Summer heat is far more detrimental to backyard chickens than winter’s cold. And while plenty of folks seem willing to place potentially dangerous, and in many cases unnecessary, heaters in their coop during the winter, many laugh at the idea of using air conditioning to cool the coop in the summer. While I don’t seriously recommend installing an air conditioner in your coop, keeping the inside of your coop at an acceptable temperature for your chickens during summer’s heat is important.
Keeping the temps cool inside the coop can be as simple as having good ventilation and placing it in a partially shaded area of your backyard, although you may want to avoid placing the coop directly under trees due to the risks of disease from wild birds nesting above. Also, areas that get full shade all the time may not dry out in a timely manner after heavy rainfall, leading to other potential issues.
If you live in an extremely hot part of the country, consider adding a small fan to help circulate the air in the coop, being sure to place it where it won’t blow air directly on the chickens, especially at night while they are on the roost.
Drinks all around
One of the most important things you can do this summer for your backyard flock is make sure they have a constant supply of fresh, cool drinking water. In most cases, once the water temperature approaches the chickens’ body temperature, they won’t drink it—which can be deadly for your flock. To keep your water supply cool, place the waterer or water system in a shady area.
Waterers placed in the sun will heat up quickly and can allow bacteria to grow. There are several water systems available for your backyard chickens—many are designed with hot summer months in mind. The Brite Tap waterer, for example, transforms any water cooler into a chicken waterer by simply replacing the spout. Ice placed in the cooler in the morning will keep the water cool for many hours. Another option, The Chicken Fountain, can be connected to a faucet near your coop, continually providing fresh clean water to your chickens.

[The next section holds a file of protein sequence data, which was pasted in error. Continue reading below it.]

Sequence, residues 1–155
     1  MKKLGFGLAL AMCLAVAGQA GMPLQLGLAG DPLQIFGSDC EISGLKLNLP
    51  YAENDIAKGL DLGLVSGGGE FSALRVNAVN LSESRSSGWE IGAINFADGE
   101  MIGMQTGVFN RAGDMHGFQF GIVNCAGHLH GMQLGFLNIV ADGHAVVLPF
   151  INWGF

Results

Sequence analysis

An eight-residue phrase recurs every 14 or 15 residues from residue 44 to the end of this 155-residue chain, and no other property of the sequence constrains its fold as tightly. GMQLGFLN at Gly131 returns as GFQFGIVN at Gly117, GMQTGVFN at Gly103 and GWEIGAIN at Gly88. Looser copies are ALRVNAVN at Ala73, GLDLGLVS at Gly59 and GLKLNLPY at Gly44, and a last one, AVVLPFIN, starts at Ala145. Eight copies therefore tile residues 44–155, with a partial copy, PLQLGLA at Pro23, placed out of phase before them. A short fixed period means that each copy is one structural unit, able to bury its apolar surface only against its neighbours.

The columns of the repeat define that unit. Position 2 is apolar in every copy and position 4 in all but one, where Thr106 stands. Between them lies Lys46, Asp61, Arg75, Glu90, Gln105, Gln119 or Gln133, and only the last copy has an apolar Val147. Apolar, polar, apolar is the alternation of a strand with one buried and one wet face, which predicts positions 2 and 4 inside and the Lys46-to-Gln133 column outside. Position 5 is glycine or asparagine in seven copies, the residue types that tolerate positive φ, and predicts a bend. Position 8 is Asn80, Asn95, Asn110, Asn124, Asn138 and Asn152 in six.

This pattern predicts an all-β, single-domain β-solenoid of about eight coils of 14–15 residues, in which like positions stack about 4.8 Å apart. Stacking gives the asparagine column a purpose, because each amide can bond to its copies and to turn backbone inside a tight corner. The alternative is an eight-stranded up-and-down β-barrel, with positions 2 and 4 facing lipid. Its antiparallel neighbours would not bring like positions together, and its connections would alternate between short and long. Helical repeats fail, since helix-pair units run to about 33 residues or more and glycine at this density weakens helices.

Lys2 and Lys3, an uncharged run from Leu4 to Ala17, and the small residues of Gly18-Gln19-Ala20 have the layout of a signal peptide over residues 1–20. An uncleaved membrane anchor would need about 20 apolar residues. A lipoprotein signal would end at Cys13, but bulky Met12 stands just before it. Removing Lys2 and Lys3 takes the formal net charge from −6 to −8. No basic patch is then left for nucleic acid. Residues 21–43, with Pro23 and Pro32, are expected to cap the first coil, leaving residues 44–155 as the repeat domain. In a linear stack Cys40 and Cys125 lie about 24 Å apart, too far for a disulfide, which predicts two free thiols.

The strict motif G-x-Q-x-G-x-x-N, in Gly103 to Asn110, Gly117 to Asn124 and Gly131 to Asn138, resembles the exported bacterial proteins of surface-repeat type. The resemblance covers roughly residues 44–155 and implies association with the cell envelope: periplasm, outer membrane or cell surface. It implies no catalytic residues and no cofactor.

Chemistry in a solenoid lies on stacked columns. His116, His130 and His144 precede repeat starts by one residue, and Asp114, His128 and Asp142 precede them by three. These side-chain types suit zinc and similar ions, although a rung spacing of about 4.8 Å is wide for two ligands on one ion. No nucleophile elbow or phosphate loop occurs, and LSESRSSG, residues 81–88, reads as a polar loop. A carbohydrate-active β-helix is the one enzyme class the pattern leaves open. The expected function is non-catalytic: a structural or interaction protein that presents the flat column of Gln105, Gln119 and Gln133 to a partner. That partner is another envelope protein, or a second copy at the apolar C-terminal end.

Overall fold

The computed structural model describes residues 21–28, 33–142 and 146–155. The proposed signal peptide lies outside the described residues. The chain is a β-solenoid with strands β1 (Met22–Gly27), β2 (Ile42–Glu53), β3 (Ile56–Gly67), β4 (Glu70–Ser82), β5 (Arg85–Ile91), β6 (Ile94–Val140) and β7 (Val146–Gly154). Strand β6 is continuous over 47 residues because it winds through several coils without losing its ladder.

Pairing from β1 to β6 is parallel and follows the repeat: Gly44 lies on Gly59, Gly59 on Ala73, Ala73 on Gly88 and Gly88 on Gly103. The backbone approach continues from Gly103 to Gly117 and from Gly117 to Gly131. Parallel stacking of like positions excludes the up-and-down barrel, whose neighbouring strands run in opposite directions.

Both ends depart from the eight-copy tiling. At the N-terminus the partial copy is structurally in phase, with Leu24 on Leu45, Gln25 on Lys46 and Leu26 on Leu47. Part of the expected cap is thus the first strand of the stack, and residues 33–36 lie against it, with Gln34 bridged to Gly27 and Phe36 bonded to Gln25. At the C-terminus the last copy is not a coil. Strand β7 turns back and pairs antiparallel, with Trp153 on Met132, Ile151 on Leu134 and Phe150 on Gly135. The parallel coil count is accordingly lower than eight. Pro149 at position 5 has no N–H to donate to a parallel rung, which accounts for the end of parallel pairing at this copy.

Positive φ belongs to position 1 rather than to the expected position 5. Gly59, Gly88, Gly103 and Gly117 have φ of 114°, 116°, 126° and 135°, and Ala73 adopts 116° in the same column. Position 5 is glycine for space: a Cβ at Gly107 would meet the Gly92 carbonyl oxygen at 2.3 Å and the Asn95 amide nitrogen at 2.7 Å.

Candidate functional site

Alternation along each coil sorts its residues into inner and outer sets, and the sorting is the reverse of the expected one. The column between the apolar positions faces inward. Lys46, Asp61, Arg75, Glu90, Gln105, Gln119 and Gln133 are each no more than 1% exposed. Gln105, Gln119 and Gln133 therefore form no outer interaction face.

If you choose a standard three-, five-, or seven-gallon plastic chicken waterer, you can freeze 20 ounce bottles of drinking water and drop them into the chicken waterer to help keep the water cool throughout the day.
Mix it up
During the hottest times of the summer, you might consider adding some electrolytes to your chickens’ water—there are many different brands to choose from. While I don’t recommend adding them all the time, adding the electrolytes for three days and then returning to plain water for three days is a good regimen.
The most difficult part about adding electrolytes is determining how much to add to the specific waterer or water system that you have. One package of electrolytes I purchased instructed me to mix the entire bag in 400 gallons of water. Needless to say, I did not have a container anywhere on my property that held 400 gallons of water, so I had to do a little basic math to figure out how to mix it.
Again, heat is far more detrimental to chickens than the cold ever will be, and it’s our responsibility as chicken owners to make sure our chickens have everything they need to stay healthy during the hot summer months including all-important, fresh, clean—and cool—water.
Know the signs
Chickens start to pant at around 83°F, but just because they are panting doesn’t necessarily mean they are overheated. Like dogs, chickens don’t have sweat glands, so they pant in order to maintain their body temperature. They also spend most of their time outside taking dust baths and scratching around for bugs.